10s of How to use …

1. Error Handling?


A safe net when something goes south. I do find this gives a better context in error handling and better readability.

What is try! and try?

Use try! when you need to ensure your app always succeed as in won’t throw an error, but when it really does, your app shouldn’t work.

try! before the expression to disable error propagation and wrap the call in a runtime assertion that no error will be thrown. If an error actually is thrown, you’ll get a runtime error.

try? to handle an error by converting it to an optional value. If an error is thrown while evaluating thetry? expression, the value of the expression is nil

from Apple

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ECSlidingViewController for sidebar

Nowadays even though Apple does not really support sidebars as they encourage tab instead but a lot of apps still prefer to use this approach. There are a lot sidebar libraries in cocoapods but in the end I choose:


ECSlidingViewController is a view controller container that manages a layered interface. The top layer anchors to the left or right side of the container while revealing the layer underneath it. This is most commonly known as the “Side Menu”, “Slide Out”, “Hamburger Menu/Drawer/Sidebar”, etc…


*image source here*

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Realm Limitations

Realm Limitations

Realm is still in its development phase where it have its limitations but somehow after I’m getting more and more familiar with Realm, some essentials must have issues in Realm are still unavailable today (23May2015). Therefore at current stage I might need to use some outsider extension on Realm for my needs.

For my early post on Realm, please refer here.

Example table scheme:



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New Choice for Mobile Database? Realm

New Choice for Mobile Database? Realm

Realm is a mobile database that functioned similar to SQLite and Coredata. It supports iOS and Android platforms. (Yay)

Why Realm? Realm VS Coredata 

From Realm VP Product, Tim Anglade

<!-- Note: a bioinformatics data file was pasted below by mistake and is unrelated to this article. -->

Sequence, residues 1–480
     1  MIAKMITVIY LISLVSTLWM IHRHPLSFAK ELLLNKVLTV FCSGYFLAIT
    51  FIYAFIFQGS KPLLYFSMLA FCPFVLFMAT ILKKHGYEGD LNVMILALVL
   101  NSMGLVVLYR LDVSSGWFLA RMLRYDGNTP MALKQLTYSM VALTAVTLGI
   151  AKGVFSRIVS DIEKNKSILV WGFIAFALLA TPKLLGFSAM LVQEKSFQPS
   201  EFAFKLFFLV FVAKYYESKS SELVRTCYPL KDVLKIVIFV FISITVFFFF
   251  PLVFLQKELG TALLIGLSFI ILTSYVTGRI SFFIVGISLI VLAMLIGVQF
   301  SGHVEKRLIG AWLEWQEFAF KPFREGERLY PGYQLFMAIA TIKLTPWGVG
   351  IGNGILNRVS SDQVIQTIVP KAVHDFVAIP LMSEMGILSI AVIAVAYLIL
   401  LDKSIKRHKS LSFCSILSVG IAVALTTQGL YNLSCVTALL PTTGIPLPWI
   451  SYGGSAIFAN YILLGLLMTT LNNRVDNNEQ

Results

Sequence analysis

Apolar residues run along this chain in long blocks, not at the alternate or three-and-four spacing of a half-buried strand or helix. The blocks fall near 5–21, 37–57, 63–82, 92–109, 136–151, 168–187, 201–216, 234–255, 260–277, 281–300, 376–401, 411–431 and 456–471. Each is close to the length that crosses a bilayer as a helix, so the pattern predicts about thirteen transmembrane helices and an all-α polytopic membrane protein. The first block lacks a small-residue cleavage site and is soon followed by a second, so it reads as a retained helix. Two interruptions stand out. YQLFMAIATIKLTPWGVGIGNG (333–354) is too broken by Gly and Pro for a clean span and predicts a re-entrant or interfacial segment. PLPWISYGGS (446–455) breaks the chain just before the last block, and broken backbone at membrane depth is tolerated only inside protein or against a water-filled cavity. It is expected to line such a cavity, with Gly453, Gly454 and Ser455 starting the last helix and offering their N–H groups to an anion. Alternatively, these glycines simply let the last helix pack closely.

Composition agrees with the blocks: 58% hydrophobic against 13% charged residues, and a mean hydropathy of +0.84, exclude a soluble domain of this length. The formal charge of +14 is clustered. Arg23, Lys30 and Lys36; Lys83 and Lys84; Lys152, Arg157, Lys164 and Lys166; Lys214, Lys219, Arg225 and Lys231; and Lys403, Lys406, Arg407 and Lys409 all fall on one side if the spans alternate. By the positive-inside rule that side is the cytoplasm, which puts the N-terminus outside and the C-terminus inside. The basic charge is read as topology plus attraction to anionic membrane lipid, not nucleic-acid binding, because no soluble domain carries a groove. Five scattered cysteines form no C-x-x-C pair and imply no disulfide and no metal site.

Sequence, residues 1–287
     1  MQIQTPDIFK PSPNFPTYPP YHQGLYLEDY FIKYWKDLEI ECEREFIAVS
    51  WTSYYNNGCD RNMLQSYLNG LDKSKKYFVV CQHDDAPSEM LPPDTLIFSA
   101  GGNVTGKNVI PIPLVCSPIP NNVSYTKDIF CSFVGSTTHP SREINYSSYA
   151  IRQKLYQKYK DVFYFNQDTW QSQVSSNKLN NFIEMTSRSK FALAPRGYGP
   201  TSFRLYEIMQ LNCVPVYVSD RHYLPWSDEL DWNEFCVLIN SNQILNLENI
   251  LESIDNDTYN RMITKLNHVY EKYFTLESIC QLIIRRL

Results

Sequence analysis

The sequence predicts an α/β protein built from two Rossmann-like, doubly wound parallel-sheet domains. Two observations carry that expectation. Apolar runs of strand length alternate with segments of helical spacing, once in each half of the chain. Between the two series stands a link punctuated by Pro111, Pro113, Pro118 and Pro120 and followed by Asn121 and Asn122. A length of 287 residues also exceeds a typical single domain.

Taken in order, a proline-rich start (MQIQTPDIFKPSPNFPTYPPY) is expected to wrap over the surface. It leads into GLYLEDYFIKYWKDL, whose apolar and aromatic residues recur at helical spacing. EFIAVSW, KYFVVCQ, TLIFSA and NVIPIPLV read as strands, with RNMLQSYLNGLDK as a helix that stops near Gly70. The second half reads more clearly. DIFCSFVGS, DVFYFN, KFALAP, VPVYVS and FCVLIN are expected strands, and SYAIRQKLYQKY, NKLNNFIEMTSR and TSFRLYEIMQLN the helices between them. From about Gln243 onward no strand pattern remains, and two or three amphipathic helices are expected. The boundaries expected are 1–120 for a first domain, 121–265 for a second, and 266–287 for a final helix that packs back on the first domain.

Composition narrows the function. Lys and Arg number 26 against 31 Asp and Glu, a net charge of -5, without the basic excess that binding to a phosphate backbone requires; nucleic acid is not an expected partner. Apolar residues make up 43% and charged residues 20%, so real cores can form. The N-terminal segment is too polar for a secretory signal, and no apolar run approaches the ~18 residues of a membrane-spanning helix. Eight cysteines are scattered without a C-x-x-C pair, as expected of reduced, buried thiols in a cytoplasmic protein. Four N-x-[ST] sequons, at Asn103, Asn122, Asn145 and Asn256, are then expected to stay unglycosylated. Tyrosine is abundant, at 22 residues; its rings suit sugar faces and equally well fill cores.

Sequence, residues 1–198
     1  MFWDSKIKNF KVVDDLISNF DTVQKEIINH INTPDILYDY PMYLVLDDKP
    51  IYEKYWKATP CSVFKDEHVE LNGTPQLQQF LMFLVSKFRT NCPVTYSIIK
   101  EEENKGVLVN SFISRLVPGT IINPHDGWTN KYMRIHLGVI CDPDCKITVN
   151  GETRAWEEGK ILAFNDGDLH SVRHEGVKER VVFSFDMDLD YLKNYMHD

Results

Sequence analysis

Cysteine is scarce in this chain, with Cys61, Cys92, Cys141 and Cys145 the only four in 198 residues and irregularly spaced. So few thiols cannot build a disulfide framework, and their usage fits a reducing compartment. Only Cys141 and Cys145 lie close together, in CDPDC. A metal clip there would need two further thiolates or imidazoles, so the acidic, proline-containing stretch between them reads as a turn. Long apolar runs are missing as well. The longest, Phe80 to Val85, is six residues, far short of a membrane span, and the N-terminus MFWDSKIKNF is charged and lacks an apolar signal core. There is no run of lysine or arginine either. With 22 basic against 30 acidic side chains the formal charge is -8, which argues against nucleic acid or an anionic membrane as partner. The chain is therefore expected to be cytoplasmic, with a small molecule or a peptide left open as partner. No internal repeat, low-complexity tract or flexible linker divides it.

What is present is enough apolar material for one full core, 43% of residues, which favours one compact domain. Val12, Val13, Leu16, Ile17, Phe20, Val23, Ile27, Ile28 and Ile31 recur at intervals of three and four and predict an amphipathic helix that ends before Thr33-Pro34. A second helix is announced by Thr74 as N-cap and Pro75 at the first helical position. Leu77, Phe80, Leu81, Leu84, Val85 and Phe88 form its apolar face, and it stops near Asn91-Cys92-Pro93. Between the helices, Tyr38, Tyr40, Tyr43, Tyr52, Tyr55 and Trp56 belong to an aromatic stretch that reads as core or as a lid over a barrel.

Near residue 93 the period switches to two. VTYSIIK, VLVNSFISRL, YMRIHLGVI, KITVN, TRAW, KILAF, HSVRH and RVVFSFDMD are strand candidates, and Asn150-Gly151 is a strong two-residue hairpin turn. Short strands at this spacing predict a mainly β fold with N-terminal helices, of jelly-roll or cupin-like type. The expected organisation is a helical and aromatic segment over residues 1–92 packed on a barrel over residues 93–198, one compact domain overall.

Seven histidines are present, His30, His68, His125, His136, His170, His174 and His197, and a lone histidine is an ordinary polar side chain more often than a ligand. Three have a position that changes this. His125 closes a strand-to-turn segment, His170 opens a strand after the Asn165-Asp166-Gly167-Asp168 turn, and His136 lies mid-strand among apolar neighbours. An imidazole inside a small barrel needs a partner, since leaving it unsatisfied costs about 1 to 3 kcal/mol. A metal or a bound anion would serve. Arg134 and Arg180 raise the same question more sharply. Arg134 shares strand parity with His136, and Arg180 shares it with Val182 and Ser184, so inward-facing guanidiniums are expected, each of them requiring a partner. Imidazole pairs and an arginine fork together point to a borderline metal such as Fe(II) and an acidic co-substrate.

1. Realm is much easier to use — equivalent Realm apps will save you literally thousands of lines of code and weeks of work. We were surprised the advantage was so big, but it came up consistently in user interviews.

  2. Consistent view across threads — accessing Realm from a background thread looks the same as accessing Realm from the UI thread (see docs). there is no need to maintain multiple contexts and merge them manually, no inconsistent views, and no headaches trying to reconcile your data. It just works™; the only limitation, as of realm-cocoa 0.90, is that object instances cannot be passed across threads, but this is actually something that will be relaxed in an upcoming release

  3. Much faster — 2–30x faster depending on the operation, and much much faster in others. If you look on Twitter, you’ll see people report similar speedups in their apps.

  4. Built-in encryption — AES256+SHA2 encryption with a moderate performance hit of ~10%.

  5. Support available — while there is obviously a wealth of SO questions and articles written about Core Data, there simply is no vendor you can turn to for quick, official responses to questions, bugfixes or feature requests. In comparison, the entire team at Realm is available daily, and support is our #1 priority above all else. We are available on the following channels, and you can see our response times for yourself: on Github,StackOverflowTwitteremail or in person

Now to be clear there are things Core Data has that Realm doesn’t:

  • Stronger battle-testing. Core Data runs on SQLite, probably one of the most heavily tested open-source pieces of software ever. Realm has been running in production since 2012, and is now deployed on literally millions of devices, with no major known bugs at this time, but we are still pre-1.0 software, with a long way to go to achieve the same stability.
  • Tons of small features that we are working tirelessly to add every week — you can always find an up-to-date list on Github

****I am going to use Realm for my project soon so I’ll update further if I encounter any problems or confusions in the future. The followings are my own notes from their documentation site as I learn things through writing things down so things are pretty similar.****

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[Library] iOS-Charts

[Library] iOS-Charts



This library is used to display various of charts and graphs and presents data with beautiful graphics.

If you failed to run the demo project, please check if your Xcode is 6.3 (latest to date 20 April 2015). The framework is written in Swift so you will need to have a bridging header to use in Obj-C project.


  • Xcode 6.3 / Swift 1.2
  • iOS 7.0 (Drag .swift files to your project)
  • iOS 8.0 (Use as a Framework)

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